...with numbers corresponding to the bins that they should be placed into:
Receiving
...and again, space restrictions haunt us here in Vancouver. If only we had enough wall space for all the bins!

Nonetheless, the endless varieties of oddball equipment do pile up, and those are left for staff members or more advanced volunteers.
Advanced dismantle
(What's that you say? Yes, that *is* an original Compaq Portable on the top right.)

Winding through the areas for build, card testing, and drive wipe, I spotted many of the same arrangements that we've worked out -- but on a larger scale, and more systematic. Free Geek in Portland doesn't test everything -- as I recall, network cards are pretty well trusted -- but they do a lot more testing than we do, and they do it in a more organized fashion.
Motherboard testing
Their warehouse operation differs from ours once again in scale, but also based on the external realities of the recycling business. They are required to recycle televisions as well, but are paid for them (and for CRT monitors) by the government. Likewise, they also have an area where they store machines donated by the city of Portland -- these fall under a specific agreement whereby they can't be re-sold and should be kept within Portland city limits.
Ready stock of built machines
And still the space goes on. Richard discusses future plans for the lab space, which is currently being rebuilt:
...and shows off the bike parking area...

...and points out the little portal to the rooftop beer-drinking area.
As the tour went on I got a little weary of the sensation of rounding yet another corner and finding yet another of our unrealized Free Geek Vancouver dreams in the flesh staring back at me. I hope Richard and crew took my frustrated spluttering for what it was -- an expression of envy for what they've managed to accomplish with the purest of grassroots philosophies: take what's available around you, grab some friends, and get something done.

Not all of it is sunshine and flatulent unicorns, though. Governance, as in any non-profit I've ever heard of, is always in a state of flux; they've had to deal with their share of internal problems, like theft, which has led to a staffed bag check and list of personae non grata. But if I had it here, I'd raise a growler of local brew to them folks: it's pretty inspiring to see. $1.2 million annual budget. 30 staff members. 15,000 square feet, not even including the spacious upstairs. Even a large truck with the Free Geek logo proudly screened on the side. And a tremendous, almost incomprehensible amount of throughput -- equipment sent back into the world when it would have otherwise been dumped.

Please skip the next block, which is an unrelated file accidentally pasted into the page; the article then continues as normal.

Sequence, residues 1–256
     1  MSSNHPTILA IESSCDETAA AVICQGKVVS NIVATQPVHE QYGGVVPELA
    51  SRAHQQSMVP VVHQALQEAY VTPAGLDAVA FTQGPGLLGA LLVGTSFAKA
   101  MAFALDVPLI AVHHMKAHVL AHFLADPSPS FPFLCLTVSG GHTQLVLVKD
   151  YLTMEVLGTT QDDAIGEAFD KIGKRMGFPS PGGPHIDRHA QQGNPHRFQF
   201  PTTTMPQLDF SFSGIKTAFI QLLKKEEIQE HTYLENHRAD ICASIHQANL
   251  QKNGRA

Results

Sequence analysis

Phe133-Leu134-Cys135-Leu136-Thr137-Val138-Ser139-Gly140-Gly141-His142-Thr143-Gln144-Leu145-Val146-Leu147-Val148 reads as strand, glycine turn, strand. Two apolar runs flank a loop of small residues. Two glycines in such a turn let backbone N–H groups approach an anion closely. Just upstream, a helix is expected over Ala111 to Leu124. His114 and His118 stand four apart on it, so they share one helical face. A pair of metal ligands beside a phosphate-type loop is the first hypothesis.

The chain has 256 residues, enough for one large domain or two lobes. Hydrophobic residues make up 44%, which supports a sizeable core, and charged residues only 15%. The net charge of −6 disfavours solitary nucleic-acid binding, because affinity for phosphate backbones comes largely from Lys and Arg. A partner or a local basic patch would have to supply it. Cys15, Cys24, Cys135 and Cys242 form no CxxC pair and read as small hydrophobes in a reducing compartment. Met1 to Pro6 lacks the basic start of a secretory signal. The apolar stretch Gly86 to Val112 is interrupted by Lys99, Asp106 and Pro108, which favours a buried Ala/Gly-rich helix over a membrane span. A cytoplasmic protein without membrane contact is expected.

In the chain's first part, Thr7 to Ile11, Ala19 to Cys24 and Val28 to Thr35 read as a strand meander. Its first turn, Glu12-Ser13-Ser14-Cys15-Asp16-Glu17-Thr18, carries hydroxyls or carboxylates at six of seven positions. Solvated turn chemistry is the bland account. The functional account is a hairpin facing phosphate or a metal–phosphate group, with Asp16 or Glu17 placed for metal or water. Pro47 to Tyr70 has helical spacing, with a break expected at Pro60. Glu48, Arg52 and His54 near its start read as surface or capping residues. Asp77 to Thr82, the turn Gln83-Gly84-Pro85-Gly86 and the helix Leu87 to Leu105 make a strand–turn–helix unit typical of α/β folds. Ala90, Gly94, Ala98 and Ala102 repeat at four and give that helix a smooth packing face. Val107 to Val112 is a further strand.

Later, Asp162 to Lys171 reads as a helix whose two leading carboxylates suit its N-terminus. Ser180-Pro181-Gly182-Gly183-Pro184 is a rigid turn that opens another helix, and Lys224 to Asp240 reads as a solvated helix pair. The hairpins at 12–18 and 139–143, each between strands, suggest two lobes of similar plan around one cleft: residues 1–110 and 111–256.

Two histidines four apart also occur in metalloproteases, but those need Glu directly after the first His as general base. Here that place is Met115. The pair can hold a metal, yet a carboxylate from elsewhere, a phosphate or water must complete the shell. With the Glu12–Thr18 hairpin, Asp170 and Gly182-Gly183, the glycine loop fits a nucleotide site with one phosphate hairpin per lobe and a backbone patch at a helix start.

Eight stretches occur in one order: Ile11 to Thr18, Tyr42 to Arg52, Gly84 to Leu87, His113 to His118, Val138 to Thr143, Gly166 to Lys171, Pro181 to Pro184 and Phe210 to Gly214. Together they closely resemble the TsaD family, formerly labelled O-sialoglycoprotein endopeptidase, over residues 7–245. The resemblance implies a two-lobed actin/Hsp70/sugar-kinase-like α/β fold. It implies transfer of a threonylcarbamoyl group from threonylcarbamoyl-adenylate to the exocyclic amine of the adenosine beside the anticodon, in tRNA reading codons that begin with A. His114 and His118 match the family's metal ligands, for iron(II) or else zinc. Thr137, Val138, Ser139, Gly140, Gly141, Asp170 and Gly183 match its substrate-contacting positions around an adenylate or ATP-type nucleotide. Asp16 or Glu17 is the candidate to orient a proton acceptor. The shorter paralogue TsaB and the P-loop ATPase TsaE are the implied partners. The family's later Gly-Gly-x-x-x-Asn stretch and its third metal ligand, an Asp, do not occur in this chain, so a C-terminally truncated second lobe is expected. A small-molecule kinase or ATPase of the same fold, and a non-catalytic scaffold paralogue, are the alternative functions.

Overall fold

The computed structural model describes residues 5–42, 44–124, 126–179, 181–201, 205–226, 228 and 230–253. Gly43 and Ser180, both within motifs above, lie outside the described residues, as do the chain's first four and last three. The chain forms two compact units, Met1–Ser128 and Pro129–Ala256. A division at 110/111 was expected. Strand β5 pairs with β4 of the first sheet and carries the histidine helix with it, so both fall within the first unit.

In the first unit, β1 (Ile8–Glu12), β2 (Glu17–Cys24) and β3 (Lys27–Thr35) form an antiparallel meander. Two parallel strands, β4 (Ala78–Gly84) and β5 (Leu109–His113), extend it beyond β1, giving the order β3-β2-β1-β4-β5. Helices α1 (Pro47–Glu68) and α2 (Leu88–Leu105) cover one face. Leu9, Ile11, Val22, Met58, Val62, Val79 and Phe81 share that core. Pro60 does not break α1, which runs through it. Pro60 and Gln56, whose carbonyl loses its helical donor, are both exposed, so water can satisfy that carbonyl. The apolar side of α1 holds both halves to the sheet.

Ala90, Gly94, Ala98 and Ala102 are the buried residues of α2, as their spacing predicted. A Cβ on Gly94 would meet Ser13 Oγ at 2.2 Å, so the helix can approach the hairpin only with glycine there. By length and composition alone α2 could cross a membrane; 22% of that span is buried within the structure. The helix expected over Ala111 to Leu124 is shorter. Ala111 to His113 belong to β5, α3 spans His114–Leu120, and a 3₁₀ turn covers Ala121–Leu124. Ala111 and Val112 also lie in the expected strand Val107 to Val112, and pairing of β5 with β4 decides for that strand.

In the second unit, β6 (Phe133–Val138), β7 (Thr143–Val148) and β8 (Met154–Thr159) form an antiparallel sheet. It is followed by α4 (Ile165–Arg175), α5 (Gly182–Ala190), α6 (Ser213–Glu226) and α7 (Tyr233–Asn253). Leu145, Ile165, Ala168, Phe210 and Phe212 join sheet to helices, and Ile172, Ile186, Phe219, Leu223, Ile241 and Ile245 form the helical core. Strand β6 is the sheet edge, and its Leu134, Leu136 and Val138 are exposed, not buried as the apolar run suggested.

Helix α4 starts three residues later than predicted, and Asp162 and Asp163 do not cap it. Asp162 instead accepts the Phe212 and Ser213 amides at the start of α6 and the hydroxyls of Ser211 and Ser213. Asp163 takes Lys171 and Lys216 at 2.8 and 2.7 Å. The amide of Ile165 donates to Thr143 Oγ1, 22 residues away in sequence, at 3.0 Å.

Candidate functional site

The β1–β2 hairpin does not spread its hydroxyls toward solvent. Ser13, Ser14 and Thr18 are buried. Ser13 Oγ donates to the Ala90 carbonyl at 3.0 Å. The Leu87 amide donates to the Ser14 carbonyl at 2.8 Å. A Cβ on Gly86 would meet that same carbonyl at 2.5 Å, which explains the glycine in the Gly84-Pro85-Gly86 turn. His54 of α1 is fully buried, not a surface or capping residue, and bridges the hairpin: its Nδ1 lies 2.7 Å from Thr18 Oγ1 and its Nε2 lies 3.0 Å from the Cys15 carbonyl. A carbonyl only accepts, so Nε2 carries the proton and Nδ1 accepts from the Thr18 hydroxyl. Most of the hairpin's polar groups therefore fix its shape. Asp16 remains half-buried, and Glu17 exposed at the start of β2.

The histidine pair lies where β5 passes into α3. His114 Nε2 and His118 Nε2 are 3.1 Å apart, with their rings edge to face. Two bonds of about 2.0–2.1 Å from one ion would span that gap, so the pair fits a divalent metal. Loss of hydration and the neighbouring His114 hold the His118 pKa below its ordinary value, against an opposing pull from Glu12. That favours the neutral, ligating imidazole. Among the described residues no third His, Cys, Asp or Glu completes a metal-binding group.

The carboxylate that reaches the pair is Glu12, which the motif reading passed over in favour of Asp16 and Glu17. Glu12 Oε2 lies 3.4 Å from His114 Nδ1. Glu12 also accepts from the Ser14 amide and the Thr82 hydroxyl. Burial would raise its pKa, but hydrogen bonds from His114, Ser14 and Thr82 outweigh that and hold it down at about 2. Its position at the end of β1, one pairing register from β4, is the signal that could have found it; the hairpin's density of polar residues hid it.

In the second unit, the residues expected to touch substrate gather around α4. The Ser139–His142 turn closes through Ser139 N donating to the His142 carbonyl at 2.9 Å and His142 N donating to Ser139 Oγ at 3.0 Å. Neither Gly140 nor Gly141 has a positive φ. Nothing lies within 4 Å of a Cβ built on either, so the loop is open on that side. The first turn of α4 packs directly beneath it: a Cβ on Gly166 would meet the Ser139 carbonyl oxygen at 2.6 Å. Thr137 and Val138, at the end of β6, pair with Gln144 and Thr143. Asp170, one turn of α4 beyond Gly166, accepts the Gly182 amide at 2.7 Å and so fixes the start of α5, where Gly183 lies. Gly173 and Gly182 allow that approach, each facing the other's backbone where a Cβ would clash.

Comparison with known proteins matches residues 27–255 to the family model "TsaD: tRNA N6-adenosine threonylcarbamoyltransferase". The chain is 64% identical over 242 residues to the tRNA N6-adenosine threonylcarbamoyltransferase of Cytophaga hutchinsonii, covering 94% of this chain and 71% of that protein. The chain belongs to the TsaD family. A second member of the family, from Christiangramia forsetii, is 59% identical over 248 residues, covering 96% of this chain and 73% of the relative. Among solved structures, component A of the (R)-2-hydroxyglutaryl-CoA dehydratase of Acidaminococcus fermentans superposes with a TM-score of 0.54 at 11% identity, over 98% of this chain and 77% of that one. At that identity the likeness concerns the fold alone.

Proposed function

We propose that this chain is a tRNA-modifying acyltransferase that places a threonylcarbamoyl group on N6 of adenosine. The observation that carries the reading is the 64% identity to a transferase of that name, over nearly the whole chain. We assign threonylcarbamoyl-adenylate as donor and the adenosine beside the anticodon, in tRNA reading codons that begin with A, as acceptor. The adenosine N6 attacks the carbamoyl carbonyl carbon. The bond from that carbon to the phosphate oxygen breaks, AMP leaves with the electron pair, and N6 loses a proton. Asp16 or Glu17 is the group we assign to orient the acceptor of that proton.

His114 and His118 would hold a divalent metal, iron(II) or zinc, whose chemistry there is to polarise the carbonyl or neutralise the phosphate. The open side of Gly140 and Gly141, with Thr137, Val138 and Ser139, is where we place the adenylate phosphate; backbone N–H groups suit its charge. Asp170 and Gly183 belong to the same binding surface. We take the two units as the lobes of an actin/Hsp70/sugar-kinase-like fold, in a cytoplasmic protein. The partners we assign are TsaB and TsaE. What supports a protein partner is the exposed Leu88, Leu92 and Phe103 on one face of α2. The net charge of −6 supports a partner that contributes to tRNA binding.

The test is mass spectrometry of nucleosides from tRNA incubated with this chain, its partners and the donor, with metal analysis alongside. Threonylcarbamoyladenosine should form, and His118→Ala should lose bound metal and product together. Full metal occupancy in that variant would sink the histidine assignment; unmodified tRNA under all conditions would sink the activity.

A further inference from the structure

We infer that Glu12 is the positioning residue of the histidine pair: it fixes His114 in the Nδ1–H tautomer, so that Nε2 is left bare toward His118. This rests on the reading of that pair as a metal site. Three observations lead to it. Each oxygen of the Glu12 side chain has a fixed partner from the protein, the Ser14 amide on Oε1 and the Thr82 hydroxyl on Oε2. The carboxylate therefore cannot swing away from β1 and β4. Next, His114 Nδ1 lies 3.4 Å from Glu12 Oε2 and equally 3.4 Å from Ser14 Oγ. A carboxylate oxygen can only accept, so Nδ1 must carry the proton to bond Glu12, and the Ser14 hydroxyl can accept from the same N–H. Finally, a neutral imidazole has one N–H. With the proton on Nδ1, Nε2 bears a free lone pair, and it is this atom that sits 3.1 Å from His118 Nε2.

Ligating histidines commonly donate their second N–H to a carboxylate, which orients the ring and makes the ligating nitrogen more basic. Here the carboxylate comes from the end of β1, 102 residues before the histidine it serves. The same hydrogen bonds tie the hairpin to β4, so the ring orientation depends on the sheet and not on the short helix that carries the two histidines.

Speaking of beer: after Free Geek closed down, Jessa and Richard and I adjourned to Hopworks to talk further turkey. I pulled a few notes out of the conversation that I think would be good for us to explore, especially with the upcoming AGM:

They want a larger board. They currently have 5-7 members but want 12; this would better allow the board to represent both active volunteers and still capture the various array of necessary superhero abilities, like legal, financial, and administrative. This might be good for us to adopt too.

They replace the board on a staggered basis, with each term running two years, and only half the board being replaced at a given time. This allows for better continuity and doesn't throw a new board into a sink-or-swim extravaganza every year.

They've had the same troubles with hoarding and competition amongst volunteers for good gear. They don't really have a solution to it, either. This was nice to hear just for once.

They're concerned about upcoming trends in mobile equipment. Desktop computers are less desirable -- people want laptops. However, with less laptop volume, less standardization of gear and thus more potential for competition and unfairness, and lower lifespan and serviceability, it's not clear that Free Geek's business model can simply make the leap over to laptops. Worse still is the trend in smartphones and tablets; these are still less serviceable.

Interesting times. The dot-com boom's zeitgeist had it that a single calendar year represented four "Internet years" -- and I suppose the Challenger-style rise and self-destruction of many dot-com business bore that out.

If that's the case, then Free Geek has thrived through an astounding four decades of Internet time -- and all of the changes in hardware, recycling, and Free Software that have come with it. Imagine trying to give away a Linux-based piece of diverted scrap metal in 2001 -- Linux simply had no traction outside of the nerd world, and the idea of using something other than Microsoft Office for business was considered ludicrous. (This from a guy who was stubbornly using WordPerfect at the time.)

And yet, here we are doing exactly that, depending on volunteer labour and donated hardware to pay the rent, and somehow thriving. Well done, everyone. Cheers -- and may I recommend the IPA?

3 comments:

  1. Curse you, Portland. Curse your Powell's Books, your bike lanes and tiny bicycles, your sensory deprivation tanks and your Trek in the Park. Curse your affordability and your live-and-let-live attitude.

    Curse your magnificent hide, Portland.

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  2. Pah online community manager of Free Geek Toronto is envious of the space of FGT Portland and wish we could find a big enough warehouse to do all the things that Portland does.

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  3. ...that sounds like a familiar story :)